Greece’s definitive emergence from its financial crisis and the recovery of living standards in the country require considerable new investments, the Foundation for Economic and Industrial Research (IOBE) said in a report presented on Tuesday, which proposed three policy measures for strengthening bank savings through the capital market.
To cover its investment gap, estimated to average at 2.6 percent of gross domestic product for the period from 2000 to 2018 (a total of 94 billion euros), Greece needs to make the most of its domestic savings resources.
The financing of investments has traditionally been bank-centered in Greece, but the high rate of nonperforming loans is setting limitations on new credit, IOBE argues.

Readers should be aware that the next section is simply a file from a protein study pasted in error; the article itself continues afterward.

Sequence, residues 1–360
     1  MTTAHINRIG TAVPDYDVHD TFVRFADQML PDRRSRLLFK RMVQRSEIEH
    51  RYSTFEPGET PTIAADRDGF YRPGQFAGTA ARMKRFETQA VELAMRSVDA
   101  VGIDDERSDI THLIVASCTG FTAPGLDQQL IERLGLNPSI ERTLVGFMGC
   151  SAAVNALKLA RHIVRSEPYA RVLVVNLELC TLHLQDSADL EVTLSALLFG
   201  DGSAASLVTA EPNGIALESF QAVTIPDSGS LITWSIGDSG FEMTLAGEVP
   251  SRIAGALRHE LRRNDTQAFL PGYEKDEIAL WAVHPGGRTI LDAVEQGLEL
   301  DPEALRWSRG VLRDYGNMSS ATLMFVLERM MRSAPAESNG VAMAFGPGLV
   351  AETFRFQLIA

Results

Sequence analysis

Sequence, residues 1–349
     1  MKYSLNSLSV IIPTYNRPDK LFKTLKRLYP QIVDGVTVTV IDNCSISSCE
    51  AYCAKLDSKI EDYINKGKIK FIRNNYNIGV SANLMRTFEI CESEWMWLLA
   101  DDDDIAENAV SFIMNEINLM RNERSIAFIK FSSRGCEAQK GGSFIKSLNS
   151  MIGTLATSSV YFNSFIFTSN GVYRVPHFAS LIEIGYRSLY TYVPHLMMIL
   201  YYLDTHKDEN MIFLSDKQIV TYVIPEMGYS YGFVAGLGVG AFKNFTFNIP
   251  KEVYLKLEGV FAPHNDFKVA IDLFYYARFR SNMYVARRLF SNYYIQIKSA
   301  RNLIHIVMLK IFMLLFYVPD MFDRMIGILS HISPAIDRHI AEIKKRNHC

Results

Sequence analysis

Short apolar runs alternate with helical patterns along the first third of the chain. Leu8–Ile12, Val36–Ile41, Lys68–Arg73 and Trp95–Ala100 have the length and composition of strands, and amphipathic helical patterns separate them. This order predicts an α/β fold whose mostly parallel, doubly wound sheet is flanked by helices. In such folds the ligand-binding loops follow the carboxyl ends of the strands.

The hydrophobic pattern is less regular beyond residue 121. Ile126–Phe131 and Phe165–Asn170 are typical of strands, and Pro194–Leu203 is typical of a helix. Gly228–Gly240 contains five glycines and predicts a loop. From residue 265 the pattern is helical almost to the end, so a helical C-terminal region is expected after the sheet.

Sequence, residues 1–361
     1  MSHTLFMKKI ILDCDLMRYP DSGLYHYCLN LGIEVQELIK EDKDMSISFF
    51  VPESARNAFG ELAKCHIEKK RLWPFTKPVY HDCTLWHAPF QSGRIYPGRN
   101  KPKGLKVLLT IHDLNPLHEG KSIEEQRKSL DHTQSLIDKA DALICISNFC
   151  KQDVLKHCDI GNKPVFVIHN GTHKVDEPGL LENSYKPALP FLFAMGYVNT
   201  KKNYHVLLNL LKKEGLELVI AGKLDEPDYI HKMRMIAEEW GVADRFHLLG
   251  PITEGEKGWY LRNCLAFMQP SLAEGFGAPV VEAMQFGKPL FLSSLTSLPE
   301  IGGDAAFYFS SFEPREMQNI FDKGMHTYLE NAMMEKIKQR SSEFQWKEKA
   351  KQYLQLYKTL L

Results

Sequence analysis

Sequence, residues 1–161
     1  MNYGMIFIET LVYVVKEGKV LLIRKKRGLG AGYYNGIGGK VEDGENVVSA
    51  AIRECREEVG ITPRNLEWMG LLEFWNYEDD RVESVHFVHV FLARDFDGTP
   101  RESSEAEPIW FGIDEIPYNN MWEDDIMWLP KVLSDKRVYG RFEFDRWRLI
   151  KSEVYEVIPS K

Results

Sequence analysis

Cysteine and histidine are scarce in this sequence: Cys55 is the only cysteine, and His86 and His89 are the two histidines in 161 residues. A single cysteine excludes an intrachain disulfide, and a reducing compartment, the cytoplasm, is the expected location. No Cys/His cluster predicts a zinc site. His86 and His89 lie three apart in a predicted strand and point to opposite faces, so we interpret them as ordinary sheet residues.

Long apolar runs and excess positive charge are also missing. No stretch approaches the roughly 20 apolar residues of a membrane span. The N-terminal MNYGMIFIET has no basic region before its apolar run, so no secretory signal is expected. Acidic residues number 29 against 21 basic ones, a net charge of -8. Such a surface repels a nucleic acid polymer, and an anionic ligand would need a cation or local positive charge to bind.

Therefore the capital market would have to be developed instead, so the report recommends the supply of incentives for private investments through the capital market, the strengthening of the pay-as-you-go pillar of the social security system, and the bolstering of investment in special purpose vehicles, such as venture capital schemes, through the targeted funding of local startups.
Any fiscal space available should be directed to this purpose, IOBE said.